WHAT DOES A PROBUS CLUB DO?
The short answer is: it does what it likes within constitutional limits. Most Probus clubs meet monthly for fellowship, morning tea, a short business session and to hear an interesting guest speaker. But that's only the beginning. Many arrange visits to factories, defence establishments, industrial complexes, police stations, plant nurseries - all the places a Rotary club might be expected to include in its list of vocational visits. Many enjoy short outings - picnics barbecues, visits to gardens and places of scenic or historic interest. Many organise extended tours of anything from one day to a few weeks - sometimes as a single club, sometimes in association with other Probus clubs. These are usually fellowship occasions with spouses and friends invited.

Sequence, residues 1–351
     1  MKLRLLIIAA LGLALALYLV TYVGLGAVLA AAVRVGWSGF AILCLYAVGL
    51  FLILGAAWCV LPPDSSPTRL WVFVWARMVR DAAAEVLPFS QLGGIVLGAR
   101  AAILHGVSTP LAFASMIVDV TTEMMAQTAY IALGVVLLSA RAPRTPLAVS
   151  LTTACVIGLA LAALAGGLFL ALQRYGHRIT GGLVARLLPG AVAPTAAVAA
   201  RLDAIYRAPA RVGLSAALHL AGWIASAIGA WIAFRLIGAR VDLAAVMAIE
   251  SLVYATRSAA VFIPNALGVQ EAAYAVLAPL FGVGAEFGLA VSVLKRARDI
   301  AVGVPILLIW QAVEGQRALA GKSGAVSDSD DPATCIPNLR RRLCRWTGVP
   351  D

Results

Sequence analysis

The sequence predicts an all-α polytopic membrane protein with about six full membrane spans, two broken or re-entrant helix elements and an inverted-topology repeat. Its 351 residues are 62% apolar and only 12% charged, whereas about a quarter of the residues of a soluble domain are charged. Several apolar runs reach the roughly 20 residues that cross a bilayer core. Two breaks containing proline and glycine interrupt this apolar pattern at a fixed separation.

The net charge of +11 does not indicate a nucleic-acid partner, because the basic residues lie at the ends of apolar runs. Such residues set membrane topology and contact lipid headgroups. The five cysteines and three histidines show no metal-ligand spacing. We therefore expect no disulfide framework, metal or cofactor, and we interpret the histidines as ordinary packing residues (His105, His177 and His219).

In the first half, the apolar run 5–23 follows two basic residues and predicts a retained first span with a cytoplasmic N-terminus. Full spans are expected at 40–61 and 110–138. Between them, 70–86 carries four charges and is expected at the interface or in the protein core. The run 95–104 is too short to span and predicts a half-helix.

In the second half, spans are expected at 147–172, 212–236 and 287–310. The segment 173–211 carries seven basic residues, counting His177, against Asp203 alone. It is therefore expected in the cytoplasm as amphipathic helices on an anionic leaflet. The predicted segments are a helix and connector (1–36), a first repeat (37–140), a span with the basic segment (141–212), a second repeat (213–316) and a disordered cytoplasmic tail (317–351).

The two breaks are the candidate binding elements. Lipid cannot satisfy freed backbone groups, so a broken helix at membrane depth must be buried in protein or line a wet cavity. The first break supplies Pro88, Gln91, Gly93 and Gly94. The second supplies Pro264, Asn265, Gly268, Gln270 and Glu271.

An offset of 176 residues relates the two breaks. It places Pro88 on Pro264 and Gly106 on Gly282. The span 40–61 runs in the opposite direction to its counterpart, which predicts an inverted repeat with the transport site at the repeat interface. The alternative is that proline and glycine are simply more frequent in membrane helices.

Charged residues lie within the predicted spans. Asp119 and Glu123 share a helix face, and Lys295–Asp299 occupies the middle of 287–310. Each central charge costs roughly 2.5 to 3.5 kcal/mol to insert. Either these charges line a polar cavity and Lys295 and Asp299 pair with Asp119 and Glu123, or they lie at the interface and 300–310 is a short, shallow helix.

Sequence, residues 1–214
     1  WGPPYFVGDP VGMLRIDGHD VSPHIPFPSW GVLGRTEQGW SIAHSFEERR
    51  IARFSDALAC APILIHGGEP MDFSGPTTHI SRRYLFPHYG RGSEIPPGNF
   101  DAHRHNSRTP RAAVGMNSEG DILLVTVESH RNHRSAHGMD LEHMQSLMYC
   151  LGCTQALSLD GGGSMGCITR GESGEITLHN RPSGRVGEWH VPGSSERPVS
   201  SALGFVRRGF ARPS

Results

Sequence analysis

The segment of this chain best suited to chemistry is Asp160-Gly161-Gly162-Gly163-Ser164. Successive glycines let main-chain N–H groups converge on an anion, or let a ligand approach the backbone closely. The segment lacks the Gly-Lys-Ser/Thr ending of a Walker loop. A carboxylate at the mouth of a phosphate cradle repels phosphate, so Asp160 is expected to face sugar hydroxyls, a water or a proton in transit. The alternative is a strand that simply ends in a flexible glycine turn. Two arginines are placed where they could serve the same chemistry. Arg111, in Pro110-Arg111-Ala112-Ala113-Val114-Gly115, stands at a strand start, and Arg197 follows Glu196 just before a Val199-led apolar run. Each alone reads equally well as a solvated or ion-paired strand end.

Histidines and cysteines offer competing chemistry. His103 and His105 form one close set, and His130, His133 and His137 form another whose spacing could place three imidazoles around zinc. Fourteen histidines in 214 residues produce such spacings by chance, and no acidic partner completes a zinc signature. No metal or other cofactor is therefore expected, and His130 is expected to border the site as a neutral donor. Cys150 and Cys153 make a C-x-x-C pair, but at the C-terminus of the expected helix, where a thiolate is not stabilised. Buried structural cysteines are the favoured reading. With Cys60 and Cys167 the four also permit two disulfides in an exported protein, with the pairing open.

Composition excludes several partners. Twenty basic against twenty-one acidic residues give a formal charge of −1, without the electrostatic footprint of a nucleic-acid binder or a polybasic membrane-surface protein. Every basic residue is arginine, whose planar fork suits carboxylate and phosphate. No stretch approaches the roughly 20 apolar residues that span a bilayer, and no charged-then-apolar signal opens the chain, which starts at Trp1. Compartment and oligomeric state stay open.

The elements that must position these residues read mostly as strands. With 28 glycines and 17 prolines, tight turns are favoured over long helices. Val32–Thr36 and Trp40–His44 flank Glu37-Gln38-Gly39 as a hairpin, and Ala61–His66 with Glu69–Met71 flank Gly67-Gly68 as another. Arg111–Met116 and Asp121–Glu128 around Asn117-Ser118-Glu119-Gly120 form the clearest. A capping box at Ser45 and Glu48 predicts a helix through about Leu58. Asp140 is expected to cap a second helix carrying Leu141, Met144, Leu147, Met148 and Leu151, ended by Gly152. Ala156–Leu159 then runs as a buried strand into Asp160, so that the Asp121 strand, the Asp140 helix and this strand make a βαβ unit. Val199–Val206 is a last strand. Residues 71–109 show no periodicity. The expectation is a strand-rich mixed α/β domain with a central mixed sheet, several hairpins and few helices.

Some Probus clubs have a number of special interest groups within the club - such as music, art, history, sporting, drama, bush walking, cycling, philately, numismatics, sailing, fishing and many more.
A Probus club, in fact, can provide all the enjoyment of a Rotary club without the obligations of service, the attendance requirements and the classification system.
The Probus club constitution provides that it shall be non-political, non-sectarian and that it shall not be a fund-raising group.
The Probus club is NOT a service club; because many Probus members already give generously of their time in voluntary work, either individually or in other service clubs or charitable bodies. However, some Probus clubs have undertaken valuable community projects. The decision to engage in any such activity is a matter for the club.
It is important that the sponsoring Rotary club should NOT regard its Probus club as an additional workforce for Rotary projects.